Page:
Australian Maritime Safety Authority (AMSA) Port State Control Report 2021


( This report summarises the PSC activities of the Australian Maritime Safety Authority (AMSA) and reports on the performance of commercial shipping companies, flag States, and Classification Societies for the 2021 calendar year.

Despite a full year of COVID-19 restrictions, AMSA inspectors undertook 2,820 PSC inspections during 2021, a 6.65 percent drop in the inspection rate from 2020 (3,021 PSC inspections). This was due to the continuation of procedures put in place in 2020 to protect both inspectors and crew from possible transmission of COVID-19 infection during inspections.

The PSC inspection results for 2021 saw a slight decrease in the detention rate of ships from 5.9 percent in 2020 to 5.6 percent (the peak in 2011 was 9.2 percent).

The average deficiency rate remained relatively constant, increasing slightly from 2.1 deficiencies per inspection in 2020 to 2.2 deficiencies per inspection in 2021.

As noted in previous reports, from 2013 onwards, ships and operators with a record of poor performance can be refused access from entering or using Australian ports through a direction issued under section 246 of the Navigation Act 20121. In 2021, AMSA refused access to four ships for periods ranging from six to 36 months. Three of these directions were issued in response to significant breaches of the International Convention for the Safety of Life at Sea (SOLAS) and Maritime Labour Convention, 2006 (MLC).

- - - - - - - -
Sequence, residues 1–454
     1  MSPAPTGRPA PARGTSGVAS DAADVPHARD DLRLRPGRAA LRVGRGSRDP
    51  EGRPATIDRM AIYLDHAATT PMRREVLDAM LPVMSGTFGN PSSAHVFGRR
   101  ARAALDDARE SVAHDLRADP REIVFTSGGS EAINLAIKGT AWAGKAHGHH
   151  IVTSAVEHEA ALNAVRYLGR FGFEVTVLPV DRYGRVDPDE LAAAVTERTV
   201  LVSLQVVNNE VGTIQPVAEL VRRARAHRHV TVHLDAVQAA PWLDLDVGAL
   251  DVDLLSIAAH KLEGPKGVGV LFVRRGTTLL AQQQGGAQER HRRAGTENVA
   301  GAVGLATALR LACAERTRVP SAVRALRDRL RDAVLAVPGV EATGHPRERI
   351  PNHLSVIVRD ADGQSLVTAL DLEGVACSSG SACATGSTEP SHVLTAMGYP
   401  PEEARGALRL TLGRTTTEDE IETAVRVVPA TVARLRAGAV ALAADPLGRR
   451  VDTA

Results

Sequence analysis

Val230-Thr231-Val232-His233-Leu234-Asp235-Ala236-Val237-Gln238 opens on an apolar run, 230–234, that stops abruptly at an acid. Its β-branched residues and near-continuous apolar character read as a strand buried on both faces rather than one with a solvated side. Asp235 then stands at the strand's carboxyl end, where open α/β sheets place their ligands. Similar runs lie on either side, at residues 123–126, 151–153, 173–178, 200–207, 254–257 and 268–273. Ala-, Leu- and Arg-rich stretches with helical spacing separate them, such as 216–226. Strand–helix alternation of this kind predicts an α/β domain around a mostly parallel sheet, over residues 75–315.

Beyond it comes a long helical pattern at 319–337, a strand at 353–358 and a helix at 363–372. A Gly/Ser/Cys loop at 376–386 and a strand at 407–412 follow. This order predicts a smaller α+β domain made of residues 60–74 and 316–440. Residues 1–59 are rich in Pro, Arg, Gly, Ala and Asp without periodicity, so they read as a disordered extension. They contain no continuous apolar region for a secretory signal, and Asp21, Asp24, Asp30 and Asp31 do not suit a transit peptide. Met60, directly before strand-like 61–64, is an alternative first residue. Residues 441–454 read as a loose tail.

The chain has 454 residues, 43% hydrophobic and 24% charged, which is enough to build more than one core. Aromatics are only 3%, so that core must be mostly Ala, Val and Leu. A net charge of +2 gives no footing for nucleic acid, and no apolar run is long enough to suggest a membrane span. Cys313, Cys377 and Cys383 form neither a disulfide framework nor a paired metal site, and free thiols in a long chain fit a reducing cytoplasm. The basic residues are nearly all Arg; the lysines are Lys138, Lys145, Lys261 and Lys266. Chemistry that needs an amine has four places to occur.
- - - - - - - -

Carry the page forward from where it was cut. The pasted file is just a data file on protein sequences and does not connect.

This report includes basic MLC PSC statistics for comparison between deficiency and detention categories, however, AMSA publishes a standalone MLC annual report which is available on the AMSA website.

2021 summary of PSC activity

  • During the calendar year there were:
    • 26,400 ship arrivals by 6,170 foreign-flagged ships
    • 2,820 PSC inspections
    • 159 ship detentions.
  • Bulk carriers accounted for 56.1 percent of ship arrivals and 60.7 percent of PSC inspections.
  • PSC inspections were carried out at 53 Australian ports.
  • The average gross tonnage per visit was 54,015 GT compared to 54,318 GT in 2020.
  • The average age of ships calling Australian ports remained at 11 years, the same as 2020.

Key points

  • In 2021, the number of foreign-flagged ship arrivals increased by 221 (0.8 percent) to 26,400. The number of arrivals by individual ships increased by 89 to 6,170 (1.4 percent).
  • The number of initial PSC inspections conducted during 2021 decreased by 201 (7.1 percent) to 2820.
  • The overall number of deficiencies decreased to 6,242 in 2021, compared to 6,387 in 2020.
  • The average number of deficiencies per inspection increased slightly to 2.2 in 2021, compared to 2.1 in 2020.
  • The number of detainable deficiencies decreased to 221 in 2021, compared to 270 in 2020. The largest contributor to this was ISM detainable deficiencies despite decreasing to 53 in 2021, compared to 76 in 2020.
  • The number of detained ships decreased to 159 in 2021, compared to 178 in 2020. The detention per inspection rate decreased to 5.6 percent in 2021, compared to 5.9 percent in 2020.